On June 13, 2005 the Chairman of the Board received a $1,000 donation from Mercy Air Ambulance. Eight days later, at the June 21st meeting, the Chairman deferred
the ICEMA agenda item until July 12, 2005. At the July 12th meeting, the Chairman then pulled the item from the agenda.
After investigation, the Grand Jury released an Interim Report dated November 15, 2005, recommending the Board of Supervisors grant California City Air Ambulance a permit. On January 31, 2006 the Board responded regarding their denial to do so stating, “If a recommendation can be made to the ICEMA governing board that granting a permit to California City Air Ambulance is in the best interest of the public, the board will consider the recommendation.”
In response to the aforementioned Interim Report, the Board’s Chairman stated he had instructed the ICEMA staff to revise the calling order of air ambulance providers, “…in the summer, several months before the Grand Jury’s interim report was released.” The Director of Public Health recalled a discussion took place, but did not interpret it as a directive. The Public Health Officer, who was also at the meeting, did not recall such a statement. The Director of ICEMA, who would have enacted such instructions, never received such an order. What the Grand Jury has found is the following:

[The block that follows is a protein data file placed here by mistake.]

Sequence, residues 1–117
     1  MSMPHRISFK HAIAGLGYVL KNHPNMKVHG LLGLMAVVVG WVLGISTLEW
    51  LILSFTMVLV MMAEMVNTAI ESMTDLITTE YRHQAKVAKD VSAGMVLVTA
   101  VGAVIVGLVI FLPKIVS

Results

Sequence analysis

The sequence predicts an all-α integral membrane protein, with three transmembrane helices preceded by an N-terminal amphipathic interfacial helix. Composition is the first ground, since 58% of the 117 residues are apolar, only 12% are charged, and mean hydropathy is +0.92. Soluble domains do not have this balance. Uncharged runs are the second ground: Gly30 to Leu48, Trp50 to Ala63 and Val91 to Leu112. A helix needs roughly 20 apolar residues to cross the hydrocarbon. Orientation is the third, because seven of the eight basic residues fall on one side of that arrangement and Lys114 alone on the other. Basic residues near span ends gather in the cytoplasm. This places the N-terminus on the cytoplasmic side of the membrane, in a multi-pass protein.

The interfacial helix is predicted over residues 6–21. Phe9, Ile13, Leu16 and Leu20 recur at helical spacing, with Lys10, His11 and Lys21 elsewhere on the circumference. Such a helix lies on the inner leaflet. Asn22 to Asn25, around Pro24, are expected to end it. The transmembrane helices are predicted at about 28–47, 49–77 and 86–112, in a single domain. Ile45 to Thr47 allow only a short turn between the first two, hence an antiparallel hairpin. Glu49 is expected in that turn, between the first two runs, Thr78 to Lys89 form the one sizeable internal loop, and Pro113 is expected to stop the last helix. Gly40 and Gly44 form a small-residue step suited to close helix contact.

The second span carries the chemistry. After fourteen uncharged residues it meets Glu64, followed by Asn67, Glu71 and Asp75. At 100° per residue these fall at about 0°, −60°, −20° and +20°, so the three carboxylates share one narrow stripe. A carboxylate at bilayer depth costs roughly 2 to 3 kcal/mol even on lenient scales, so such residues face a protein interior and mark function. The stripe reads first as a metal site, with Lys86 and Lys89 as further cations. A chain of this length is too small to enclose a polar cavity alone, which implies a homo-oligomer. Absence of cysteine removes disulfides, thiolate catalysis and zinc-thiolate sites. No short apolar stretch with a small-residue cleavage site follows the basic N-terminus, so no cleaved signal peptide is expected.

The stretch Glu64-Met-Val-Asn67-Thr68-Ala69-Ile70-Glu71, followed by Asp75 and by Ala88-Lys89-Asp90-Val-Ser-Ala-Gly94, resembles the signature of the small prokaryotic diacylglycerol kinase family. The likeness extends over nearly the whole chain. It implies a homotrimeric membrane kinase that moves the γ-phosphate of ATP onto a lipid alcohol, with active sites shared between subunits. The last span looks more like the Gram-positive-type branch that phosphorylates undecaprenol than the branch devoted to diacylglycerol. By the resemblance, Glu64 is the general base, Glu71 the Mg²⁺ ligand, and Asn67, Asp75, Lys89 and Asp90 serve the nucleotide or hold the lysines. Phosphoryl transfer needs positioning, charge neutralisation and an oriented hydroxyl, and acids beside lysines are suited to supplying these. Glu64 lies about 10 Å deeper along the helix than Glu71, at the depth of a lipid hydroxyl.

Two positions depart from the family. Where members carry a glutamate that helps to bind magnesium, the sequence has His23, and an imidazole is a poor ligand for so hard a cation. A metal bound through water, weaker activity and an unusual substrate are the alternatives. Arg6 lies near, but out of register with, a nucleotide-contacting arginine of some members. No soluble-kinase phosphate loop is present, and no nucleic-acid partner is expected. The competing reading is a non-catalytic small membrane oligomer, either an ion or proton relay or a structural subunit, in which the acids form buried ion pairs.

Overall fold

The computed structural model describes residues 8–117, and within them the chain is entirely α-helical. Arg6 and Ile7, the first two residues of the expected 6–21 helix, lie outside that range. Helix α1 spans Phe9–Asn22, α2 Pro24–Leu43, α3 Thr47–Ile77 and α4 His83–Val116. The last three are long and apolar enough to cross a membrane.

1. San Bernardino County has a reputation that its top officials accept contributions from people it does business with, and grants favors in return.
2. Mercy Air Ambulance’s parent company donates to members of the Board of Supervisors.
3. June of 2005 the proposal of permitting CCAA to be a provider of air ambulance service, in addition to Mercy Air, was placed on the Boards’ calendar.
4. June 13, 2005, Mercy Air contributed $1,000 to the Chairman of the Board.
5. Eight days later, on June 21, 2005, the item was continued until July 12, 2005.
6. July 12, 2005, the Chairman pulled the item from the Consent Calendar. 7. November 15, 2005, the Grand Jury released its Interim Report criticizing
the Boards’ actions.
8. Board of Supervisors then requests “an objective view” of the proposal from someone not involved; a Deputy County Administrative Officer.